In 2000, I accompanied Michael von Graffenried at the opening of his exhibition at the National Library of Algiers. For the Swiss photographer, the presentation of his reportage work looked like a redemption. Until then, he was not comfortable with photographs that he considered to have “stolen” for nearly ten years to the Algerian people. Between 1991 and 2000, Michael von Graffenried was one of the very few Western photographers to document the civil war that plunged the country into violence.
Any documentary photo, viewfinder to the eye and press armband on the arm, was outlawed. The Bernese had found a parade by mingling with the demonstrations and everyday life of Algerians holding his camera on his stomach, triggering by guesswork. In particular, his panoramic Widelux camera: the pivoting optics opened the horizon at 140 °. Michael von Graffenried quickly mastered this demanding apparatus, using with dexterity his visual and narrative possibilities. His black-and-white photographs put the space under tension. He has been published and exhibited around the world, valuable testimonials of a decade of lead. Ten years covered at the cost of multiple high-risk stays and images taken under the mantle, literally.
In 2000, Michael von Graffenried was relieved to be able to return his work to the Algerians. I remember contrasting reactions at the National Library, with visitors reproaching the photographer for plunging them into a hell they were just starting to leave. Others insisted on his status as a foreign photographer, free to come and go in Algeria, often supported by the power in place, while they themselves could not get a visa to leave the country.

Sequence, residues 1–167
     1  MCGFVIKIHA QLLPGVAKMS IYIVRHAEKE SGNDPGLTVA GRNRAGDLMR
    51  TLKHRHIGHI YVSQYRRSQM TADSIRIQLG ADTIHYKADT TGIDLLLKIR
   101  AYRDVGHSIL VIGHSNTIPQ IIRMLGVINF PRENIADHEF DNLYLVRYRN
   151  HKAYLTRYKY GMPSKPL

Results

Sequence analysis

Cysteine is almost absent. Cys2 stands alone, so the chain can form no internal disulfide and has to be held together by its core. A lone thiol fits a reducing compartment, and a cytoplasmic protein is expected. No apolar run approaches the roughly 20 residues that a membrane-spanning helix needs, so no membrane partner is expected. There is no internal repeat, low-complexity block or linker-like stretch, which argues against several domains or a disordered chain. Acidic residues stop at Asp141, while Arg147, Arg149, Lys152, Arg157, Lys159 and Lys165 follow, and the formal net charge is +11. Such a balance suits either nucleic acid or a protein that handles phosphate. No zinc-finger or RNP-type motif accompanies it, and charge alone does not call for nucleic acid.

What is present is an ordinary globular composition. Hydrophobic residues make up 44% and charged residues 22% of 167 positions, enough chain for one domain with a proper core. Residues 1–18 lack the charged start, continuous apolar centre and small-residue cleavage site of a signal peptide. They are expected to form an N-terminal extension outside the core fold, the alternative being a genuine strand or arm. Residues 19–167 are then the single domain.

But most of the visitors thanked the photographer for daring to reveal what parties of all sides, for a long time, wanted to hide. The report was there, unstoppable: in January 2000 at the National Library, Algeria dared to show the dirty war.
Twenty years later, Michael von Graffenried exhibited his vintage prints in the Parisian gallery of his wife, Esther Woerdehoff. It could have stopped there, this piece of history as well as bravery, and then to go on talking about the multiple recognitions acquired in forty years of documentary photography (Erich Salomon prize in Germany, badge of Knight of the order of the Art and Letters in France, among others). This is underestimating the big 62 years old guy, always moving, especially where we least expect.
Michael von Graffenried first wanted, in the gallery of the rue Falguière, to show for the first time his color slides taken at the time in Algeria. printed on paper, the images preserve the impact of their visual strength, enhanced by the Algerian light. Color brings them back to our present age, as if they were taken today, while black and white has the effect of extending the duration. This is the case: the polychrome gives temporality whereas the monochrome gives timelessness.
Which is good: Michael von Graffenried invited a young Algerian photographer to display his pictures next to his. Born in 1987, a member of Collective 220, Youcef Krache seized in black and white the events that, in February 2019, followed the candidacy of Bouteflika for the presidential election. An immense protest movement, peaceful, so far removed from the rallies of 1991-2000, but which, under the sharp eye of Youcef Krache, intertwines with the testimony of Michael von Graffenried.
Two moments of history reduced to a single impetus: that of a people who signify their hope for a better life.
Luc Debraine is the director of the Swiss Museum of Photography in Vevey, Switzerland.
Algeria – 91/19
Michael von Graffenried and Youcef Krache
From June 5 to July 27, 2019
Esther Woerdehoff Gallery
36 rue Falguière